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ECONOMICS OF COVID-19

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As I placed pen on paper and pondered on content for the maiden issue of Economics for Humans, I saw it befitting to disentangle the economics of COVID-19.

The COVID-19 pandemic has had direct impact on people’s livelihoods. The kingdom has been in and out of lockdowns and that has had marked effects on our ability to generate income and wealth. The multiplier effect on those who depend on our ability to generate wealth has been profound. Magnitudes have lost jobs due to the promulgated lockdowns and supply chain disruptions. Resulting in dwindled ability on government to mobilise resources and thereby finance the foreseen development and provide some quantitative easing to those who need support to minimise the impacts of the pandemic.

The youth continues to bear the brunt on the impacts of the pandemic as the numbers into the employment pool increase due to graduations against the backdrop of a shrinking economy. The question that begs an answer is how can we ensure we provide adequate social support amidst a weak fiscal position. This can be attained by utilising borrowing through the world facility that has been availed to the country and provide the much required relief to households and firms. It is imperative that adequate social safety nets are provided and the multiplier effect from spending through direct transfer payments to households might set the economy on a positive growth trajectory.

Transfer payments direct to households will ensure that the purchasing power is not completely eroded due to the COVID-19 impacts on the economy. If households still have money to spend, main streets will continue being sustained and that way jobs emanating from main streets will be saved. The payment of transfers to households will also have positive effects on the vaccine drive which also needs to be strengthened. Households that have money will also be able to overcome finance barriers to access vaccines. They will be able to get to vaccine centres to take their jab.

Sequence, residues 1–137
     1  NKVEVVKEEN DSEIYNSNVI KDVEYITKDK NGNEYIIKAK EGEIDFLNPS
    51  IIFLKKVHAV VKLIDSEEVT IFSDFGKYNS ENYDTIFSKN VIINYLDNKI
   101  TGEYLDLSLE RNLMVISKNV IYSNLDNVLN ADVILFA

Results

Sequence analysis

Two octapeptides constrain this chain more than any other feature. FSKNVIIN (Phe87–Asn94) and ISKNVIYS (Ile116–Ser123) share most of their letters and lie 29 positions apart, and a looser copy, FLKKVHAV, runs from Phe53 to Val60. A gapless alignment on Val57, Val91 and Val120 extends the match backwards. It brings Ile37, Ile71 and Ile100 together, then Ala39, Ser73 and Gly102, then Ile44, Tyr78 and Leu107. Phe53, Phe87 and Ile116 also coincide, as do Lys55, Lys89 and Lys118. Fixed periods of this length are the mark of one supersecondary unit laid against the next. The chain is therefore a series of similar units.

Insulated

If we time all this correctly, the economy might well be insulated from the looming impacts of the third wave. As the country takes up more debt, it is imperative that this debt be directed to adequate social provisioning which will have multiplier effects on business. The economics of quantitative easing show that it works more efficiently and achieves the desired multiplier effect if it is directly paid to households who are going to spend the money on main streets that are the middle class and the lower class. Relief aid has to be funnelled through those who are going to spend the money within the economy, not the upper middle class or the super-rich who have foreign tastes.

In my view, the World Bank and IMF COVID-19 lines of credit should not be utilised for normal infrastructure development and arrears of reduction or general wage payments. This should be given as support to those who need it the most. The economy shall then be expected to grow through the multiplier effect since the basic premise behind all this is government should pump in money to the economy and that money needs to be spent within the economy and that way the economy might likely grow albeit the pandemic. Statistics coming out in quarter four show that there continues to be an upward pressure on food inflation due to the marked impacts of the COVID-19 pandemic on supply chains. This is observed while the agricultural sector in the country also posited positive growth within the quarter.

Backbone

This shows that it is imperative for the input subsidy programme and the tractor hire programmes to start working early this time around and allocations to this must be increased. The agriculture sector remains the backbone of every economy and it is also one of the sectors that have the ability to create jobs faster than any sector. Food production remains vital to the survival of the economy and the people who inhabit it. Surging food production in the domestic economy will lessen the impacts of the pandemic on the economy and might make the lockdowns a bit bearable for us all. As I conclude this session, I implore government to stand ready with direct income support to households. This is something that the authorities need to ponder as we brace for the third wave and an impending and eminent lockdown looms. It is critical that the households be supported as everyone gets on the brace position.

Middle income and low income households have a high marginal propensity to spend for every lilangeni value given to them. This will ensure that the economy gets to reap a huge multiplier effect. It is also imperative to ensure that we have households ready to get to full economic activity after the vaccination drives, hence the buffer income support will play a vital role in ensuring that the economy resuscitates immediately after the vaccines become effective. Therefore, let us direct the resources to the people.

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